skip navigation


Abstract Database

Register for Latest Research

Stay Informed
Register with NCJRS to receive NCJRS's biweekly e-newsletter JUSTINFO and additional periodic emails from NCJRS and the NCJRS federal sponsors that highlight the latest research published or sponsored by the Office of Justice Programs.

NCJRS Abstract

To download this abstract, check the box next to the NCJ number then click the "Back To Search Results" link. Then, click the "Download" button on the Search Results page. Also see the Obtain Documents page for direction on how to access resources online, via mail, through interlibrary loans, or in a local library.


NCJ Number: 121814 Add to Shopping cart Find in a Library
Title: Impact of Juvenile Court Sanctions: A Court That Works: Executive Summary
Corporate Author: Carter Ctr
United States of America
Date Published: Unknown
Page Count: 18
Sponsoring Agency: Carter Ctr
Atlanta, GA 30307
National Institute of Justice/
Rockville, MD 20849
NCJRS Photocopy Services
Rockville, MD 20849-6000
Sale Source: National Institute of Justice/
NCJRS paper reproduction
Box 6000, Dept F
Rockville, MD 20849
United States of America

NCJRS Photocopy Services
Box 6000
Rockville, MD 20849-6000
United States of America
Type: Legislation/Policy Analysis
Format: Document
Language: English
Country: United States of America
Annotation: This study assesses the impact of various juvenile court interventions on serious juvenile offenders in the Second District Juvenile Court of Utah, serving the Salt Lake City metropolitan area.
Abstract: The Second District Juvenile Court's policy of decarceration and community-based corrections provided a broad range of intervention strategies for analysis and evaluation. The study tested the effects of several court interventions, including short-term and long-term secure confinement, community-based placements, and three styles of probation supervision during an 18-month period beginning in 1983. A classic experimental design was used for those youth placed on probation, with random assignment to one of three experimental models of probation. Subjects of the study were the most serious juvenile offenders processed through the court. The study found that the court makes appropriate sentencing decisions commensurate with the needs of the juvenile and community safety. Data show that youth with lengthy arrest records can be safely returned to the community after relatively short periods of confinement under a well-funded community corrections program. Although the findings on probation intervention were disappointing, they must be viewed in the context of the offense careers of probationers in this court. 2 tables, 3 exhibits.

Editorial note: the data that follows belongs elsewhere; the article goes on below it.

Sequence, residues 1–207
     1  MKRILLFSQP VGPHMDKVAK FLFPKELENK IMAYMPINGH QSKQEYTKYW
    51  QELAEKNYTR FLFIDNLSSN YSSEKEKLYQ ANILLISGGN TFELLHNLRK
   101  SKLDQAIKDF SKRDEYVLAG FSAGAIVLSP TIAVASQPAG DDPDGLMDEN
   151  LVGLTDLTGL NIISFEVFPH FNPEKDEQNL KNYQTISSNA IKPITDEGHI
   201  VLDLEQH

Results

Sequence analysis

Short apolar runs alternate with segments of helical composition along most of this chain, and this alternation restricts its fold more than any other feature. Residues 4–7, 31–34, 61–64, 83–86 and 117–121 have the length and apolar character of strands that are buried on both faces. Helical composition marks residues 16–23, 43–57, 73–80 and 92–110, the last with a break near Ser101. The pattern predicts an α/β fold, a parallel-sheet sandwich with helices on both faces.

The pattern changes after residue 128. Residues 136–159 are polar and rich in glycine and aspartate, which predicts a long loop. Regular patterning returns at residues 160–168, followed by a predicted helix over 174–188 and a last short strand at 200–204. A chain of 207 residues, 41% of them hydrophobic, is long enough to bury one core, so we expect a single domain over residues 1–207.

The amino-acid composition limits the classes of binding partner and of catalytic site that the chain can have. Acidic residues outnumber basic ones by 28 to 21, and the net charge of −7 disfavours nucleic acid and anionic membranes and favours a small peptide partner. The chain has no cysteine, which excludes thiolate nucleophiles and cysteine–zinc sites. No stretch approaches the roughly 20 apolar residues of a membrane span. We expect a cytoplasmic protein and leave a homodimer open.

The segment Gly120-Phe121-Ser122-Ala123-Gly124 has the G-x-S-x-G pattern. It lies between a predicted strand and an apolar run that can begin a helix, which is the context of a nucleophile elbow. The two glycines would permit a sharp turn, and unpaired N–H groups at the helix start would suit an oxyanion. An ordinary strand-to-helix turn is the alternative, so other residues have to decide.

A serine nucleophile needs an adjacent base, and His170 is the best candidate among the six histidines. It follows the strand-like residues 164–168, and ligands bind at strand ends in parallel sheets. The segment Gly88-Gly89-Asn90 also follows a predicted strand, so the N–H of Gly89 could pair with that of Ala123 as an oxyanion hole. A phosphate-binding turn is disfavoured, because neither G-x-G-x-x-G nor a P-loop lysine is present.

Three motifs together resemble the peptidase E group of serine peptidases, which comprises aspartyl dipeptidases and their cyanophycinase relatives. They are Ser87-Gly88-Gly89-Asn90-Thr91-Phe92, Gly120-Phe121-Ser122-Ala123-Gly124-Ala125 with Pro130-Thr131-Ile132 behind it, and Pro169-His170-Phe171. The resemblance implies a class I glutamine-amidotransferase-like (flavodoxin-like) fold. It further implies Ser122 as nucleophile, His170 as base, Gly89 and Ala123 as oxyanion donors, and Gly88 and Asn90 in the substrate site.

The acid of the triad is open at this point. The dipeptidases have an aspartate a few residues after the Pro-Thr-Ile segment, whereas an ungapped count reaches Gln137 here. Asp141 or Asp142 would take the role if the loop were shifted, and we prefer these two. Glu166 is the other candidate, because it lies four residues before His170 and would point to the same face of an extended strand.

Main Term(s): Community-based corrections (juvenile); Juvenile sentencing
Index Term(s): Alternatives to institutionalization; Utah
To cite this abstract, use the following link:

*A link to the full-text document is provided whenever possible. For documents not available online, a link to the publisher's website is provided. Tell us how you use the NCJRS Library and Abstracts Database - send us your feedback.